Thurston Moore was becoming tired of being told what he should or shouldn’t do in the band. He began to give serious thought to going his own way. Lee was always on his case these days at rehearsals – “Hey, Thurston, turn it down a bit, mate. I can’t hear myself think!” He was sure that he had caught Steve giggling about some of his lyrics on more than one occasion. As for Kim, well the moaning didn’t stop at the studio door. At home she constantly nagged him. “Thurston, the yard needs sweeping.” He despised the way that when they were alone she would no longer speak in her hot NY accent, but let it drop for something that sounded quite foreign and guttural and ugly to him; Welsh, possibly. On top of this she never came near him and insisted that he sleep on the sofa.
He spent the rehearsal worrying about his guitar playing. I suppose he was developing something of a complex about it. While the rest of Sonic Youth shattered the studio air he found himself more and more so sat on the floor tuning and retuning his guitar or playing quietly on a GameBoy in the corner near the Coke machine. He realised at last that he was in danger of being squeezed out of his own band. So, maybe it was time to jump before he was pushed…
Cath S has a market stall at Tynemouth. She sells blue, french denim boiler suits – exclusively! That’s it! Just boiler suits. She has cleverly pegged a dozen or so up on a clothesline, creating a section where people can go and try them on in privacy. I decide that I might try some on. But I remind myself that I must get a small one if I decide to buy one as I am fed up with clothes that don’t fit.
Jayne L is doing the rounds, visiting everyone before she leaves for Australia. She has heard that the Communist Party are making great inroads out on the west coast. Also, Jeremy Corbyn, it turns out, is a keen surfer, too. She arrives at the flat with a large brown paper package (yes, tied up with string) and dressed in the pale blue 1950s summer dress that she used to wear a lot when we first met. Her hair is hennaed and bound in the red scarf that she favours. She looks amazing.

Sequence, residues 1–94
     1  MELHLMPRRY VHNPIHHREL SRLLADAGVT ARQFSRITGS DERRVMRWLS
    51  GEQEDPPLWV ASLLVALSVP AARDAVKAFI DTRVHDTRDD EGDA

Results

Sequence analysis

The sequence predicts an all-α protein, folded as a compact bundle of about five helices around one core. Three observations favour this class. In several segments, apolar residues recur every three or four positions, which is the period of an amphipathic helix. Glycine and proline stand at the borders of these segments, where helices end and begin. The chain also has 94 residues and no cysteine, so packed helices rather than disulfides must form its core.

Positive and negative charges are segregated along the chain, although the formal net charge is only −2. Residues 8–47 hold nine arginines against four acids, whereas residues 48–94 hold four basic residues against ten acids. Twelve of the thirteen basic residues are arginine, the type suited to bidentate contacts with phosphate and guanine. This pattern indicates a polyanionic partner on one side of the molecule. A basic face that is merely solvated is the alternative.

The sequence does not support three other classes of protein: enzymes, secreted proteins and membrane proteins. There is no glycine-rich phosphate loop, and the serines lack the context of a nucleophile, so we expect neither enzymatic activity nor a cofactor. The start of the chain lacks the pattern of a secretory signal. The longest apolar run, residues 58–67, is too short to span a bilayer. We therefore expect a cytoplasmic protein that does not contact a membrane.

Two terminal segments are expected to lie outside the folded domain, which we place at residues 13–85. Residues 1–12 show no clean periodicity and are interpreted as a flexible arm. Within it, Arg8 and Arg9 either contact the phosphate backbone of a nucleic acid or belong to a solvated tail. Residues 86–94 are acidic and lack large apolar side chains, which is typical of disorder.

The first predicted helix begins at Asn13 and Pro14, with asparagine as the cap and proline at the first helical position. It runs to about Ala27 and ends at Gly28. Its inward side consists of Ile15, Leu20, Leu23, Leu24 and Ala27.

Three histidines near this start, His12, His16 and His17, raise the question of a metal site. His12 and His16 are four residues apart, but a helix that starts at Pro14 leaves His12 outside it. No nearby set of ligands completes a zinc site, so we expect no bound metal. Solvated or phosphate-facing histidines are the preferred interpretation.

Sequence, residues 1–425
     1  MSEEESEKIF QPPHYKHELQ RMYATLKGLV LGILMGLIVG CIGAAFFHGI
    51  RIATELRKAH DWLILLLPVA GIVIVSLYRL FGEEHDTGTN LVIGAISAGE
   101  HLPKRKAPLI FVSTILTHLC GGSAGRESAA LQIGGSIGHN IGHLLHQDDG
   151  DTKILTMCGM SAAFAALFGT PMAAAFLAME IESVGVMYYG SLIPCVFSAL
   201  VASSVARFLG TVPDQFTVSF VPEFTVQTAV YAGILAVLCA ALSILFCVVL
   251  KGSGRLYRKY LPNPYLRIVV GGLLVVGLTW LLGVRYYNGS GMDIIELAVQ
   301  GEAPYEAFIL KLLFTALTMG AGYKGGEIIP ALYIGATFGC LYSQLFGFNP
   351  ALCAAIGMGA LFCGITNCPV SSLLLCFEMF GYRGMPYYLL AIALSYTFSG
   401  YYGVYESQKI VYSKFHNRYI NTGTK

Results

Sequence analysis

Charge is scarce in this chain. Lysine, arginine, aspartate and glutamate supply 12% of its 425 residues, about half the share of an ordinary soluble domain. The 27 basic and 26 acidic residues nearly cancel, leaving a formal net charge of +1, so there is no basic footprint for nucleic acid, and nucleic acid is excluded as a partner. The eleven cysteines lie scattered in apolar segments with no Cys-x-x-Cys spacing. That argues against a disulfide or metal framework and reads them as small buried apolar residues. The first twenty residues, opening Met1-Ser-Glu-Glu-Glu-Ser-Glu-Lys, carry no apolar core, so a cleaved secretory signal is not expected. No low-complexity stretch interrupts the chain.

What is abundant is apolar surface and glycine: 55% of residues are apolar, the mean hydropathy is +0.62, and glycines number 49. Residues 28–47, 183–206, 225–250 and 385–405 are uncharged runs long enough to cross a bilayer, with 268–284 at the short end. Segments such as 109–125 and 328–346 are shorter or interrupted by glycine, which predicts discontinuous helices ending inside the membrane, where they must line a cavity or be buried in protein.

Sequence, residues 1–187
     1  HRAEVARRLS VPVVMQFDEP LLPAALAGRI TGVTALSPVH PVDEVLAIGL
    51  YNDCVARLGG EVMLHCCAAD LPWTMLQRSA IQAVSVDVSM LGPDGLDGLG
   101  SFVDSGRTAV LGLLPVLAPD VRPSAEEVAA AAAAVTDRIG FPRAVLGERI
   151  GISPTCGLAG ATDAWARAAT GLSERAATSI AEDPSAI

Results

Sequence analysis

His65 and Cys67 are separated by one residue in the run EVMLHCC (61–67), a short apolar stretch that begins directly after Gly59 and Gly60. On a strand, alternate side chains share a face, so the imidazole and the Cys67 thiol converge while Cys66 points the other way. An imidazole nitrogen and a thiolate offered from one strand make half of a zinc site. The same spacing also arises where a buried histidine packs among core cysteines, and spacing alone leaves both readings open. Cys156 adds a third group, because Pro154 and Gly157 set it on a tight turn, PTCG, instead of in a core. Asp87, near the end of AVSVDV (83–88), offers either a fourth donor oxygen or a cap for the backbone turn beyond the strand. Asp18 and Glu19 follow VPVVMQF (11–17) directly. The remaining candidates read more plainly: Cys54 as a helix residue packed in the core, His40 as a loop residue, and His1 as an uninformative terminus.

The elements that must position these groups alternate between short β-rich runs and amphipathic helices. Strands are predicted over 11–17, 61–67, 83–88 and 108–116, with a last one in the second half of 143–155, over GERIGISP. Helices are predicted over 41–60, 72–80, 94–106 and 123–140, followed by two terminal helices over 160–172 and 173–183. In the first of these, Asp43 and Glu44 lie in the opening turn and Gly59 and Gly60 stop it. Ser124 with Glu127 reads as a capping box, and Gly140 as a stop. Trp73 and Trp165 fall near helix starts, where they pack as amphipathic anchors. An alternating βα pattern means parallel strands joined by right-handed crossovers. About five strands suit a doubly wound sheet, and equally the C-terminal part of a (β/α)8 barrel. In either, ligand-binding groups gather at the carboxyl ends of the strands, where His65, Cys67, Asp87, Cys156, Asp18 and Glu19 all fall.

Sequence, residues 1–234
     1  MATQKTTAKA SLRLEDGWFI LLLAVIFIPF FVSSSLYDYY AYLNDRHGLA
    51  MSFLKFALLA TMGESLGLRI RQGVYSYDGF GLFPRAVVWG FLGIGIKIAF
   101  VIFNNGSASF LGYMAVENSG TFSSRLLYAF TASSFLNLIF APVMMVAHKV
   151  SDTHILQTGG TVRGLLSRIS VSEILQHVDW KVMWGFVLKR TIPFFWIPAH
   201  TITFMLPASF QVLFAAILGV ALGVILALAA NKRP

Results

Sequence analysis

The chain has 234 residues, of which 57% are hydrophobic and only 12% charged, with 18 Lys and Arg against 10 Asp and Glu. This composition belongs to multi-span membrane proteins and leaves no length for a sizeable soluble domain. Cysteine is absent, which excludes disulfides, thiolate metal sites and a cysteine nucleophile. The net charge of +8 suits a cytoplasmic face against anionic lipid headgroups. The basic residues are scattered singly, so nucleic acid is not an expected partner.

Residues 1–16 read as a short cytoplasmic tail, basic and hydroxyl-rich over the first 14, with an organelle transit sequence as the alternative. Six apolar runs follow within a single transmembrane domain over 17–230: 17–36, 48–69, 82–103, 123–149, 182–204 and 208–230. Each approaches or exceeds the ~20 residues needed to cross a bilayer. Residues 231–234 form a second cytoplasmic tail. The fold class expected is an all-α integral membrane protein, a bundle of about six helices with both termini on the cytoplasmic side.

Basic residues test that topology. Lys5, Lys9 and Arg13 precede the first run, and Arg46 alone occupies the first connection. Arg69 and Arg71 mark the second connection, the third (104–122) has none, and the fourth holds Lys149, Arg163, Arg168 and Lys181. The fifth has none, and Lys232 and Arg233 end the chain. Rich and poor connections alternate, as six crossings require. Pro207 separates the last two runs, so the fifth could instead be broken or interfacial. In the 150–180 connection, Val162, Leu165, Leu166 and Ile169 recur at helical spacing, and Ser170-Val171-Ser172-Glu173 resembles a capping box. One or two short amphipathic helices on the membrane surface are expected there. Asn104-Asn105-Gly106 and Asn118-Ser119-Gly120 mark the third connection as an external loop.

The package turns out to be for me, so I unwrap it. It is a pile of neatly folded pieces of material. We spread them out on the carpet. They are silver and gold squares, and each one has, embroidered into the centre, a series of tiny, concentric lines. These turn out to be grooves.
Jess C is in the other room. She is playing records on an old Hacker turntable. I gather up the sheets of material and take them through as I realise that they can be played on the record player. When the cuts of cloth are draped over the Hacker and the needle dropped onto them they all play Bob Marley’s Chances Are – which, apart from being quite a feature for a piece of material, strikes me as very clever and apt!